Does school teach us how to resist propaganda?


Propastop believes that the best defence against influence activity, information attacks and false news is competence in media matters and being in the habit of early critical thinking. In honour of September 1. we decided to look at how these topics are taught in Estonian schools.

There is a mandatory media education course in the 11th grade of Estonian high schools called „ Media and influence“. It is part of the Estonian language and literature course and is taught by Estonian language teachers. The students are familiarized with the nature of communication, media channels and journalism genres in a 35-hour course. Seeing the thought behind media messages, hidden influences, talking about commercials as well as touching upon analysis of discourse are also part of the course.

There are currently two different textbooks used for teaching: „Media’s influence „as well as „Media and influencing“. The author of the first textbook is a teacher of Estonian language and literature at Karlova High School in Tartu, Külliki Kask and the second was written by Tartu University lecturer, Katrin Aava and a teacher of Estonian language and literature at Gustav Adolf High School, Ülle Salumäe.

In addition to the mandatory course, there also exists a separate media outreach program, at several schools (ex. Lähte high school and Kuristiku high school) where journalistic material is dealt with in an in-depth manner. Similar specialized training for interested young people is also taught in some Estonian Russian language schools (ex. Tõnismäe technical secondary school). How much information and in what context is actually talked about regarding media and influencing at ordinary Russian language high schools, was not available for Propastop to give a proper overview. Is the current standard level for media training sufficient? We asked the opinion of the chairperson of the Estonian Association of Media Teachers and Tartu University journalism researcher, Kadri Ugur.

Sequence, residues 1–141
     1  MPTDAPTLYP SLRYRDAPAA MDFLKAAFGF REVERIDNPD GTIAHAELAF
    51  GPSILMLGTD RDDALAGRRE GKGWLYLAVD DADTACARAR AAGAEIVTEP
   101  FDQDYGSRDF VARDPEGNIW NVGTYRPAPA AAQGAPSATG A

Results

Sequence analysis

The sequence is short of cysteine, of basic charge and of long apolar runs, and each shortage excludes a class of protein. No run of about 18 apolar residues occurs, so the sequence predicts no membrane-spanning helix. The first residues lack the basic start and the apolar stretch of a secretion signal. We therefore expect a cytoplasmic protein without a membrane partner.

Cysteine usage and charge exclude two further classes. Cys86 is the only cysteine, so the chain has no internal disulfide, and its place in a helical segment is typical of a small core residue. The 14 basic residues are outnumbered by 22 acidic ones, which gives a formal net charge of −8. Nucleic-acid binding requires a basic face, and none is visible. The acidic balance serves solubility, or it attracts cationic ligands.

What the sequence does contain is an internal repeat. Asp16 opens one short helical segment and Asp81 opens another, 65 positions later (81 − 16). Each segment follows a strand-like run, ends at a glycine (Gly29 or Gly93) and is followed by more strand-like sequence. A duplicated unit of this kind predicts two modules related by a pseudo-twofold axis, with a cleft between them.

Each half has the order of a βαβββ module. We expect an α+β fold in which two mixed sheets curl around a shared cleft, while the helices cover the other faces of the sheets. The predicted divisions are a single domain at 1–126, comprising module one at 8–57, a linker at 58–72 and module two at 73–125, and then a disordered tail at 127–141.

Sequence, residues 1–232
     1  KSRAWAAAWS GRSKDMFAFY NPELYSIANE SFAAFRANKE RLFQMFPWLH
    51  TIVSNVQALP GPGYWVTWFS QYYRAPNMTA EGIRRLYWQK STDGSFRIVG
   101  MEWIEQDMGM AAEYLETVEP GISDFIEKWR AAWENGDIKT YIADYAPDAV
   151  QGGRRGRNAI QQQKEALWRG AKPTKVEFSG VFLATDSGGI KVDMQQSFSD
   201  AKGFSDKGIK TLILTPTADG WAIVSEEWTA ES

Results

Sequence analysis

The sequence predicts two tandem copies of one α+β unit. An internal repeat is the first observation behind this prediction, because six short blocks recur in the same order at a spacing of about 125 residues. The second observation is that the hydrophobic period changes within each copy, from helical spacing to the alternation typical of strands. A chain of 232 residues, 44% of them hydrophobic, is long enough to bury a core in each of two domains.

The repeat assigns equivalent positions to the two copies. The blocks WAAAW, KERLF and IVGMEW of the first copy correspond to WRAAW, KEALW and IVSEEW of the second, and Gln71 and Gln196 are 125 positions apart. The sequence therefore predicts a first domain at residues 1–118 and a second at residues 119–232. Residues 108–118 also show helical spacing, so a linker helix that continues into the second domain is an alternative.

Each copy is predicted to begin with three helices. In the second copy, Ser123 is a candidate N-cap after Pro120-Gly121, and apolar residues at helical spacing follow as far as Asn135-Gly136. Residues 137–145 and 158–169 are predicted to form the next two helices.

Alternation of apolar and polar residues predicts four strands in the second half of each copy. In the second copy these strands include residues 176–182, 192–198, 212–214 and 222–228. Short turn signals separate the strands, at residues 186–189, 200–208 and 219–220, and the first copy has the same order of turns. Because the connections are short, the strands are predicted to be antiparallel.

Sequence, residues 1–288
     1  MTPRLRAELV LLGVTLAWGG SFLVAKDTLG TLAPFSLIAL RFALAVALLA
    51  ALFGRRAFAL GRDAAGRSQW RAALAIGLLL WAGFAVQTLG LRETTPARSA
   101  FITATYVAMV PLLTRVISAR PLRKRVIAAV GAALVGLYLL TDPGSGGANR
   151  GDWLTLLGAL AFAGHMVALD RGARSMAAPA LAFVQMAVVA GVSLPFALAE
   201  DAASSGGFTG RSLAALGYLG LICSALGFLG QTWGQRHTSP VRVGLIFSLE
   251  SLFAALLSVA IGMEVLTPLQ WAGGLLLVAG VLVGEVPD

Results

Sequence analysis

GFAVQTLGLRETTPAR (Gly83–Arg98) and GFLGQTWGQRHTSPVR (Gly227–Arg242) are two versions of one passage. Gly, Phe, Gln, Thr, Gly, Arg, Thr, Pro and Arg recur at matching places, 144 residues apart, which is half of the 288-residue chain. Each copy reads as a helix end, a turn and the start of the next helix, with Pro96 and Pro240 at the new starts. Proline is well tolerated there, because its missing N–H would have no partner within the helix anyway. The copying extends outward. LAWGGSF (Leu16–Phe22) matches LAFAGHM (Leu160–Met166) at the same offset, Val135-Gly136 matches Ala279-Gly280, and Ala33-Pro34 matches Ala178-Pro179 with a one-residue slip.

In her opinion, the most positive aspect of it is that this course exists and is in the school curriculum – for example, media is not taught in Latvian schools. Still, Ugur is concerned about the placement of the material of the course. Because media training is part of the Estonian language classes, it relates primarily to written texts and consequently to traditional journalism. Modern visual communication methods as well as social and new media are frequently not dealt with, especially when the teacher does not feel strongly about the topic.

In Ungur’s opinion the development of critical thinking and analysis of media bias are the most lacking in current teaching. Here in every school the teacher determines the level according to their own interest in the subject. As a rule, they see the media course more as a beginning course in journalism rather than the cultivation of critical media users.

It was also apparent to Propastop that the textbooks written in 2013 touch on propaganda only as an invasion, not considering the recently risen focus on information attacks, follow up media, false news, journalistic magazine propaganda publications, trolls etc.

How could schools better teach coping with today’s media?  Is the amount of course material sufficient? In which way should we offer advanced media training to teachers? Could Propastop be of more assistance to schools in media education?

If you have answers, comments or ideas concerning these questions, then please send them to the Propastop editor’s email: [email protected] or write to our Facebook page.

Photo: MsSaraKelly / Flickr / CC